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Journal of Korean Neurosurgical Society 2010;47(4): 287-290.
doi: https://doi.org/10.3340/jkns.2010.47.4.287
Comparison of Different Microanastomosis Training Models : Model Accuracy and Practicality.
Gyojun Hwang, Chang Wan Oh, Sukh Que Park, Seung Hun Sheen, Jae Seung Bang, Hyun Seung Kang
1Department of Neurosurgery, Chuncheon Sacred Heart Hospital, Hallym University, Chuncheon, Gangwon, Korea.
2Department of Neurosurgery, Seoul National University Bundang Hospital, Seongnam, Korea. wanoh@snu.ac.kr
3Department of Neurosurgery, Soonchunhyang University Hospital, Seoul, Korea.
4Department of Neurosurgery, Seoul National University Hospital, Seoul, Korea.
The authors evaluated the accuracies and ease of use of several commonly used microanastomosis training models (synthetic tube, chicken wing, and living rat model).
A survey was conducted among neurosurgeons and neurosurgery residents at a workshop held in 2009 at the authors' institute. Questions addressed model accuracy (similarity to real vessels and actual procedures) and practicality (availability of materials and ease of application in daily practice). Answers to each question were rated using a 5-point scale. Participants were also asked what types of training methods they would chose to improve their skills and to introduce the topic to other neurosurgeons or neurosurgery residents.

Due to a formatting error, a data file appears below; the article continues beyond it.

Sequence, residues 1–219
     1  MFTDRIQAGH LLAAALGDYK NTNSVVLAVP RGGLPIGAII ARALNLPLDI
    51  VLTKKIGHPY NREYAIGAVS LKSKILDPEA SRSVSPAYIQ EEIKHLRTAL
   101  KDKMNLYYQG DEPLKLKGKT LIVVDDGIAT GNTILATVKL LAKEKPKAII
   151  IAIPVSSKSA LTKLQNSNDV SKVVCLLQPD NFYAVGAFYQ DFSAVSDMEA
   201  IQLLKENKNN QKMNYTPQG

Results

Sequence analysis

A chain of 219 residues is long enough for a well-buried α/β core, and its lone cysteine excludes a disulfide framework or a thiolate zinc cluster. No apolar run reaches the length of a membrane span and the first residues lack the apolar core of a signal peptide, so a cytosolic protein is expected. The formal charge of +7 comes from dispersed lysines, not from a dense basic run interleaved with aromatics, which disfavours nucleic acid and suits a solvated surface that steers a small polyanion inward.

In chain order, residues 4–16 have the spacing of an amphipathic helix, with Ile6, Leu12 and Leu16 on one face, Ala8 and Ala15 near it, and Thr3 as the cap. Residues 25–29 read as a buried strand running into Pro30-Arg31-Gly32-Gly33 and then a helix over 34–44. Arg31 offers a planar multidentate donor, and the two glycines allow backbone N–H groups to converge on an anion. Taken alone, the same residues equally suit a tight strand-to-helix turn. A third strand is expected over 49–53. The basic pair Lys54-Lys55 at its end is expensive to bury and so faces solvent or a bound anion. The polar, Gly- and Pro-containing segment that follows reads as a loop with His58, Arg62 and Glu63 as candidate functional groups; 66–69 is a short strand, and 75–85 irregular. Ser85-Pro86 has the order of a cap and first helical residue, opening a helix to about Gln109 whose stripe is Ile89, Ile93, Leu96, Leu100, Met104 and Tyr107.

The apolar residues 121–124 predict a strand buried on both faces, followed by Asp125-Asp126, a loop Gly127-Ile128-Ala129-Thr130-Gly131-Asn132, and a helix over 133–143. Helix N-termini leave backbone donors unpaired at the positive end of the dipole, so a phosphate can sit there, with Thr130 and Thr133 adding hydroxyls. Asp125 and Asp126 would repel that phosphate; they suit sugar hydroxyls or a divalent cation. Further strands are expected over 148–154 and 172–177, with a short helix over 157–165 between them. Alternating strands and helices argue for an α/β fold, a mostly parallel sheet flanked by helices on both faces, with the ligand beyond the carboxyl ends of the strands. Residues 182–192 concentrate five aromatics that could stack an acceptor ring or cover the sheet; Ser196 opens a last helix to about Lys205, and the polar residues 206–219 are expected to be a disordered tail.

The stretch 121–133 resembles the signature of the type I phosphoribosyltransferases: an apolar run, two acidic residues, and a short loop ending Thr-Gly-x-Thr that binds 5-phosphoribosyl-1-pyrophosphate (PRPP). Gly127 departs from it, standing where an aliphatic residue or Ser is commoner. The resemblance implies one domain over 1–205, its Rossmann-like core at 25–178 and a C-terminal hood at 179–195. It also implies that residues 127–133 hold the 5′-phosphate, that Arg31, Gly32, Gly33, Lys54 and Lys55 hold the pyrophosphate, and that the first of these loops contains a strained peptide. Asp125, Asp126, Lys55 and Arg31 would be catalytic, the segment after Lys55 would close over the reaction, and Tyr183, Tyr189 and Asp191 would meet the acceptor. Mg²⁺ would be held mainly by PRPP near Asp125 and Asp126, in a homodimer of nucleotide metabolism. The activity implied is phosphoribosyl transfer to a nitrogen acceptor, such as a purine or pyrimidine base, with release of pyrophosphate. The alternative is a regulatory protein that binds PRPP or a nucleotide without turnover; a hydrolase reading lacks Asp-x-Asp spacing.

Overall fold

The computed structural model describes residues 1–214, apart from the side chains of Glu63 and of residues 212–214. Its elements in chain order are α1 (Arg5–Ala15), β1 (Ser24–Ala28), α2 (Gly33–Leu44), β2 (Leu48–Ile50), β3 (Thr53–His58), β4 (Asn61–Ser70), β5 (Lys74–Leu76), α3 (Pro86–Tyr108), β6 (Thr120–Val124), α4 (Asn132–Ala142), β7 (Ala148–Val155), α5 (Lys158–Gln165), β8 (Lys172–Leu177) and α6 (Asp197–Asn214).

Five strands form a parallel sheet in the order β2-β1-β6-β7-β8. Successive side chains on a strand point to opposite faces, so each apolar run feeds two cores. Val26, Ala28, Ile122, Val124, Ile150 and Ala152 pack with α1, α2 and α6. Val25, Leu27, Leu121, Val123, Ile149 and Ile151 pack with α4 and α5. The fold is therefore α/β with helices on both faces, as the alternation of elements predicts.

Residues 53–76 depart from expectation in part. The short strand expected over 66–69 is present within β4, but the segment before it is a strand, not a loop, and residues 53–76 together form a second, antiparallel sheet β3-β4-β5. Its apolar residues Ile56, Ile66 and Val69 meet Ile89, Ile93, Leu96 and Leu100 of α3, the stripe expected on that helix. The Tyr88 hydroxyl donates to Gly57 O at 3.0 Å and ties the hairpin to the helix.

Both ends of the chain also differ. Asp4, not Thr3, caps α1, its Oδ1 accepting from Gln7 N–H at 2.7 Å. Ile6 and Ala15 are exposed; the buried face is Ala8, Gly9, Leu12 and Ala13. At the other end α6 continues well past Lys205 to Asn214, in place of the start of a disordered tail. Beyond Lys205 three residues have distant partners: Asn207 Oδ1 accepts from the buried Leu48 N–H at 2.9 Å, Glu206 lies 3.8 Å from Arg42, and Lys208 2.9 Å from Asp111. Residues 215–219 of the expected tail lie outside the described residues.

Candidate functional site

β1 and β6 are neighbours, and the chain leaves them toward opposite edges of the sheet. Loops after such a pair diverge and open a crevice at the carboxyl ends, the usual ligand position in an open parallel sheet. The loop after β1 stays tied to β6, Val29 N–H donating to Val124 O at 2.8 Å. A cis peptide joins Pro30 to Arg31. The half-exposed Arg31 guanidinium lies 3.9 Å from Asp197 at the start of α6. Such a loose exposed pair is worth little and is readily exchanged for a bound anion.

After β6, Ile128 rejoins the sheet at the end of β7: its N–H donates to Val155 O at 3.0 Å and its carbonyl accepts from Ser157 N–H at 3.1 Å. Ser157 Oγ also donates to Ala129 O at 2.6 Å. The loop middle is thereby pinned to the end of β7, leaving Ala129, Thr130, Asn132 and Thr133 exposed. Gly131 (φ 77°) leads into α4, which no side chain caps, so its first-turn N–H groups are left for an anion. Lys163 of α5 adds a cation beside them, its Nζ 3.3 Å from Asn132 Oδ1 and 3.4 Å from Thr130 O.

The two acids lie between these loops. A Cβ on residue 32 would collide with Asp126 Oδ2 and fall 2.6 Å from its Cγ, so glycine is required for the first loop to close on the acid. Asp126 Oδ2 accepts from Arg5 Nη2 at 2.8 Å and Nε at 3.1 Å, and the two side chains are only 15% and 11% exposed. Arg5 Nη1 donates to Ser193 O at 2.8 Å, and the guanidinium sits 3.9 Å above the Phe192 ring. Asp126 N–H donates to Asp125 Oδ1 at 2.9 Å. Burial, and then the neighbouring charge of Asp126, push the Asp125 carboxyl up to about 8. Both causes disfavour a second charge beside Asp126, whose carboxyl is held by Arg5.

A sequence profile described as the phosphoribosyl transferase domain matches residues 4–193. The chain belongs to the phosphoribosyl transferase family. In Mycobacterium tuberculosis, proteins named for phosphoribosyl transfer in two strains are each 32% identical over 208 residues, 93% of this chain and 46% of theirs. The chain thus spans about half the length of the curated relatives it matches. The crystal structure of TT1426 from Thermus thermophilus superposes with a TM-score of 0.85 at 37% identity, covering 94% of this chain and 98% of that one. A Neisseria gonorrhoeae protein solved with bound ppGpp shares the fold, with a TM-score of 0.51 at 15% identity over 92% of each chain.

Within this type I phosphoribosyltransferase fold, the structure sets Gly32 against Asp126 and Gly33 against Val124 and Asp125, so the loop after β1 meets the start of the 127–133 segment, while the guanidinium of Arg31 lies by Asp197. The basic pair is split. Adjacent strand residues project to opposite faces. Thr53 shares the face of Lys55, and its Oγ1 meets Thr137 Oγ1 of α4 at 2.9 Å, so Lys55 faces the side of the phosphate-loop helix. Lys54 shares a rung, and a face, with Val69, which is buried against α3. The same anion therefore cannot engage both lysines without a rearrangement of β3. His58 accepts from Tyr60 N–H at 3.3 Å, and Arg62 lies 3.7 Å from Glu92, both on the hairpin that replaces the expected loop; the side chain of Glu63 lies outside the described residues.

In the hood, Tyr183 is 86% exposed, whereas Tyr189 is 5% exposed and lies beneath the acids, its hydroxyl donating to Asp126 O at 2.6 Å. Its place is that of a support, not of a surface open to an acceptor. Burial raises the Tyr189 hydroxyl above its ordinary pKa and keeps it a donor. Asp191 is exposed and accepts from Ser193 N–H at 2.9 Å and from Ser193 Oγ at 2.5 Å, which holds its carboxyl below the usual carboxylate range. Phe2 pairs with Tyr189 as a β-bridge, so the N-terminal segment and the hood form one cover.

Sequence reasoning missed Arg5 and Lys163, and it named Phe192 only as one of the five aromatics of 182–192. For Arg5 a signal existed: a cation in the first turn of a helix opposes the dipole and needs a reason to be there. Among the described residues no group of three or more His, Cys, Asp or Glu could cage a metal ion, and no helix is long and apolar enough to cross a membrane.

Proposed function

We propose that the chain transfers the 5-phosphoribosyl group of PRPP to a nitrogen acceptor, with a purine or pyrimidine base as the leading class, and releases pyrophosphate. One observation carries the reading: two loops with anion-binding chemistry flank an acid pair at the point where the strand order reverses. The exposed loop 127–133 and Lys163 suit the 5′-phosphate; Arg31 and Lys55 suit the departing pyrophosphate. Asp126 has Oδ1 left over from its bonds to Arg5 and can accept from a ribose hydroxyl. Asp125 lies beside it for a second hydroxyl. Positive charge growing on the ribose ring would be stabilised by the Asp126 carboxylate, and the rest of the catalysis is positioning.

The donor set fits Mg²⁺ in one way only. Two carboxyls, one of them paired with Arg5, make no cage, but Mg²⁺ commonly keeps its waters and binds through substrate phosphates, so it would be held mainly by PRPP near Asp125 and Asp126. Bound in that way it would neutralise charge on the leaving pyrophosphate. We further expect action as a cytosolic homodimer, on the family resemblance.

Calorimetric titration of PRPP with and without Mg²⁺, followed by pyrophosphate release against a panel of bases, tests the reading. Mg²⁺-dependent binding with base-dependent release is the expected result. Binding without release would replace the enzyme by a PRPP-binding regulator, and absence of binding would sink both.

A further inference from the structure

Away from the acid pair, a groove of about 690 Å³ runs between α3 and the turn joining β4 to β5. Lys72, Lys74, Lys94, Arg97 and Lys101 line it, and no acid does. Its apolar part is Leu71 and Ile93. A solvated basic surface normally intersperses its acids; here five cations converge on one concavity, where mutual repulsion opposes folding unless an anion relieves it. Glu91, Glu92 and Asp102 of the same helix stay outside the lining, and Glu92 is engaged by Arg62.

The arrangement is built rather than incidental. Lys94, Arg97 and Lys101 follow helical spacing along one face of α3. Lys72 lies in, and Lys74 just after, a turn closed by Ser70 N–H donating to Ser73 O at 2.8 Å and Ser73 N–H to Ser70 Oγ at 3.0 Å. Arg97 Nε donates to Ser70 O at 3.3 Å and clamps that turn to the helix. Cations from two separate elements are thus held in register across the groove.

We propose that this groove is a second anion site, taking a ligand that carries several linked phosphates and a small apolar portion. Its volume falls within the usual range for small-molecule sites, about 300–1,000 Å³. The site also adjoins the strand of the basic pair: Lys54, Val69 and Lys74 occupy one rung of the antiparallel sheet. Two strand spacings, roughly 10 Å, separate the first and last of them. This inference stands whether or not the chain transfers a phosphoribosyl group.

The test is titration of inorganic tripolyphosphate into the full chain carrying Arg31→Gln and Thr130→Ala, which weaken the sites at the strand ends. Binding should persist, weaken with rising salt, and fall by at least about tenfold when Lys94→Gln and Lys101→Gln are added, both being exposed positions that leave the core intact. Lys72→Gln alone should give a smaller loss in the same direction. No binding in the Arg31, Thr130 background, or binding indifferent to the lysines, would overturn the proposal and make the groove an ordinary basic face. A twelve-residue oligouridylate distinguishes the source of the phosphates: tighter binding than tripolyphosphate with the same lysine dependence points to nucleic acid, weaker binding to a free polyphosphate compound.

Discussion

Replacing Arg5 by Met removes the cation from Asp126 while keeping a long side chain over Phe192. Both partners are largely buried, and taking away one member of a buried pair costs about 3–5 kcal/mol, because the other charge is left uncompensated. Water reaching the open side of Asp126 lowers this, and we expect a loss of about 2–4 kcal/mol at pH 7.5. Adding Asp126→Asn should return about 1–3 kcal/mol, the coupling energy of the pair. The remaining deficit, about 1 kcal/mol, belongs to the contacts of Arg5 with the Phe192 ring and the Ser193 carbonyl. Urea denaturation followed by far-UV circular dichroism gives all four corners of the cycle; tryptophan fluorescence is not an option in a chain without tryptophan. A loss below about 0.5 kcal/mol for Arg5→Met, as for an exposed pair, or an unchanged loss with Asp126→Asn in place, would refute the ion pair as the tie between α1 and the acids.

Of the 24 participants, 20 (83.3%) responded to the survey. The living rat model was favored for model accuracy (p < 0.001; synthetic tube -0.95 +/- 0.686, chicken wing, 0.15 +/- 0.587, and rat, 1.75 +/- 0.444) and the chicken wing model for practicality (p < 0.001; synthetic tube -1.55 +/- 0.605, chicken wing, 1.80 +/- 0.523, and rat, 1.30 +/- 0.923). All (100%) chose the living rat model for improving their skills, and for introducing the subject to other neurosurgeons or neurosurgery residents, the chicken wing and living rat models were selected by 18 (90%) and 20 (100%), respectively.
Of 3 methods examined, the chicken wing model was found to be the most practical, but the living rat model was found to represent reality the best. We recommend the chicken wing model to train surgeons who have mastered basic techniques, and the living rat model for experienced surgeons to maintain skill levels.
Key Words: Cerebral revascularization; Microsurgery; Training
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